China Credit Growth Slows to 2-Year Low on Debt Curb Concern

Updated on
  • Aggregate financing expanded by 487.9 billion yuan in July
  • Broad M2 money supply increased 10.2%, less than estimated

China’s broadest measure of new credit and another key gauge of lending increased at the slowest pace in two years, suggesting monetary authorities are more concerned about swelling financial risks than giving more of a boost to old growth engines.

Aggregate financing was 487.9 billion yuan ($73.4 billion) in July, compared with a median estimate of 1 trillion yuan in a Bloomberg survey of economists. New yuan loans stood at 463.6 billion yuan, versus a projected 850 billion yuan, the People’s Bank of China data showed Friday. Both increased by the least since July 2014. The broad M2 money supply increased 10.2 percent, the slowest pace since April 2015.

Curbing financial risks has increasingly become a policy priority after economic growth stabilized in the second quarter. The emphasis may reverse if a property market or factory output slump threatens the 6.5 percent growth goal. Other data released Friday showed signs the recent stabilization faltered in July as factory output, retail sales and investment all slowed.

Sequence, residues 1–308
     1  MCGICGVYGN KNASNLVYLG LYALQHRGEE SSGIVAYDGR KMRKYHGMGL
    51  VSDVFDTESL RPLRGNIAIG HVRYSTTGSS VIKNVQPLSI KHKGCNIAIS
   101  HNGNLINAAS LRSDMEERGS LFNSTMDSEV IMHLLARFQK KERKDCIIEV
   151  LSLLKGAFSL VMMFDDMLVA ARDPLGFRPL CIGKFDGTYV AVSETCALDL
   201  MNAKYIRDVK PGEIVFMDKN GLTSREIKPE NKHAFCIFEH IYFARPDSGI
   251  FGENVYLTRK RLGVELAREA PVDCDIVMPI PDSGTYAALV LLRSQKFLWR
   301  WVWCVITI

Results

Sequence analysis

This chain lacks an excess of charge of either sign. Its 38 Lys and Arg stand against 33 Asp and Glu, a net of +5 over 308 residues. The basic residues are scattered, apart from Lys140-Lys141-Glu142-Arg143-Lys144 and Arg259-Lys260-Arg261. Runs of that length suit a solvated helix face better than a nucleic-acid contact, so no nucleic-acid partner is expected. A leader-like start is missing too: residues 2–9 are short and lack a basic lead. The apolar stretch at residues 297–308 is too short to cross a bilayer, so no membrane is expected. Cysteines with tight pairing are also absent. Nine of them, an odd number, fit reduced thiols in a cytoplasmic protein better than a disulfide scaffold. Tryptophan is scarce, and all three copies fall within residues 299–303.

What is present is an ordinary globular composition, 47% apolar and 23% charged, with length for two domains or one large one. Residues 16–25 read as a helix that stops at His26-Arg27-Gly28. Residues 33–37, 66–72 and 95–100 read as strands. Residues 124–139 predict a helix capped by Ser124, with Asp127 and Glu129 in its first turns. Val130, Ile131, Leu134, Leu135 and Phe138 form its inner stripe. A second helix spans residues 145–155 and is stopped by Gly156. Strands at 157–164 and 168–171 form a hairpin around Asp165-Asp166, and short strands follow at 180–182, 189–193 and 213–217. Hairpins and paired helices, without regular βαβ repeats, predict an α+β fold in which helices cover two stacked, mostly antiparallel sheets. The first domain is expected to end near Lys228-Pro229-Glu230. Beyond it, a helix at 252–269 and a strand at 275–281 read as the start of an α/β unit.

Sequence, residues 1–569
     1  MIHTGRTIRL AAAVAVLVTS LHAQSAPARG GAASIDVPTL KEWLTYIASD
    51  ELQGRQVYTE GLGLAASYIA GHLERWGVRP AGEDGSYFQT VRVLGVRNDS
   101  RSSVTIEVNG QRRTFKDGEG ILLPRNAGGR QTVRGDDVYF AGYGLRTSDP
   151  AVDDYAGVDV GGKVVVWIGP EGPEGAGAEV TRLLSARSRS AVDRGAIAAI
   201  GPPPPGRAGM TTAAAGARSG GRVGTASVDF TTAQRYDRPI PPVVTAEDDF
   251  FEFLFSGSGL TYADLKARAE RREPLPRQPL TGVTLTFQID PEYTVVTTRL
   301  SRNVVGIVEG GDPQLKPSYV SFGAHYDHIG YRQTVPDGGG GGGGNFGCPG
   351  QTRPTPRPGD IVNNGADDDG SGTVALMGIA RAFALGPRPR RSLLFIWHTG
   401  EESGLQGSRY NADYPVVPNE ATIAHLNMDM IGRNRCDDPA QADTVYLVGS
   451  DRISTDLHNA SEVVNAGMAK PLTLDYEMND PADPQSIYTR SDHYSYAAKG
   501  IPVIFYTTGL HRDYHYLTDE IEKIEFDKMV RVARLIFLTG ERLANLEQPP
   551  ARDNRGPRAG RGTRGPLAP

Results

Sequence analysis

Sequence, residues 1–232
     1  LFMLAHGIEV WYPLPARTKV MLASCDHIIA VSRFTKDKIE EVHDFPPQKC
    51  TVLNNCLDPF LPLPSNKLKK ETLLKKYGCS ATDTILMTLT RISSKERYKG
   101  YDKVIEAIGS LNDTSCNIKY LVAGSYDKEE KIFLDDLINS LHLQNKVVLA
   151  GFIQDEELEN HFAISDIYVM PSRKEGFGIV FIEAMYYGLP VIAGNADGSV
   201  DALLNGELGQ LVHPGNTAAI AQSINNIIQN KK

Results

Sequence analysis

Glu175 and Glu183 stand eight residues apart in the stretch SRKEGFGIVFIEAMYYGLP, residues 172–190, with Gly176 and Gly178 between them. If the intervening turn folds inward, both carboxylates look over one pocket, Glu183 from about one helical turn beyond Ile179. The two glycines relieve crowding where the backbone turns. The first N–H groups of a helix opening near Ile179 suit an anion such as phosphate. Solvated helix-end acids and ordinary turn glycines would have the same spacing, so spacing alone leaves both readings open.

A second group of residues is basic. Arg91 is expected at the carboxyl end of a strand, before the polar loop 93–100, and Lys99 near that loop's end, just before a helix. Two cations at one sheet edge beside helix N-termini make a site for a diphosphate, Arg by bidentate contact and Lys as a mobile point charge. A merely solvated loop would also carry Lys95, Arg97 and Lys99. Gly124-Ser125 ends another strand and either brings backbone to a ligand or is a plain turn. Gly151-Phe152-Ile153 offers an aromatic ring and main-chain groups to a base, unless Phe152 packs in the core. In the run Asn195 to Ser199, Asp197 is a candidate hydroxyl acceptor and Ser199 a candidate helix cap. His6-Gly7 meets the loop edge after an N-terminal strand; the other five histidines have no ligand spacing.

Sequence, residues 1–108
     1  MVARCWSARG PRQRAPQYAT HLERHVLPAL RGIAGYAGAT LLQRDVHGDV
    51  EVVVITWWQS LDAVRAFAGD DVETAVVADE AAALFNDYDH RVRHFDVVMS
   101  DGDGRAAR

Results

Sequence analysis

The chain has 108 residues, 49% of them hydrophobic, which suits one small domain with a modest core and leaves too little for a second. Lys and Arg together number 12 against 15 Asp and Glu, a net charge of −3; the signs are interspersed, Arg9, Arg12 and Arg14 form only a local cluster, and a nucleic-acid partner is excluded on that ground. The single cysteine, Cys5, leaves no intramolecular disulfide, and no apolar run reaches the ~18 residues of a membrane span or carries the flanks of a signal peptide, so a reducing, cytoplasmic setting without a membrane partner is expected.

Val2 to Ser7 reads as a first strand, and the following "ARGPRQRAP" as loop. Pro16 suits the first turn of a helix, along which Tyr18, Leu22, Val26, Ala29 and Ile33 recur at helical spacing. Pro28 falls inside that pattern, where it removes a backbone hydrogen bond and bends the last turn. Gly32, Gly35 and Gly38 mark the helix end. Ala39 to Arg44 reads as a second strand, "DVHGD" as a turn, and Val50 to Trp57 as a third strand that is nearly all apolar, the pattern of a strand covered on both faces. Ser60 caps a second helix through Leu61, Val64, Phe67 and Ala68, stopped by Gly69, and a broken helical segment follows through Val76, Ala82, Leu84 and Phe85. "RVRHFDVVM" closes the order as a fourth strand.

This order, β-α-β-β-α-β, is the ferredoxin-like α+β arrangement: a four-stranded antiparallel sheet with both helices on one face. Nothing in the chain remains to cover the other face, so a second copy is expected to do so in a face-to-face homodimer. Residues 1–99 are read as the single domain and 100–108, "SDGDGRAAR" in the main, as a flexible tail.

"Credit data will likely remain at a low level in coming months due to sluggish investment and stricter shadow banking regulation," said Le Xia, chief Asia economist at Banco Bilbao Vizcaya Argentaria SA in Hong Kong. "The central bank will take action if it slips further." Weak credit reflects great downward pressure in the third quarter, Le said.

The credit data followed other downbeat reports earlier Friday, when the National Bureau of Statistics said industrial production rose 6 percent from a year earlier in July. Retail sales climbed 10.2 percent last month, while fixed-asset investment increased 8.1 percent in the first seven months of the year. All three readings missed economist’s estimates.

Separately Friday, the Ministry of Finance said the July fiscal surplus was 200.2b yuan while fiscal revenue rose 3.3 percent from a year earlier to 1.48 trillion yuan. China will face difficulty in boosting fiscal revenue growth in coming months because of downward economic pressure, the ministry said in a statement on its website.

The sharp drop in the new loans may be related to recent discussions on containing asset bubbles last month by the country’s top leaders, and banks tightening control on home loans, according to Zhou Hao, senior economist at Commerzbank AG in Singapore.

— With assistance by Xiaoqing Pi

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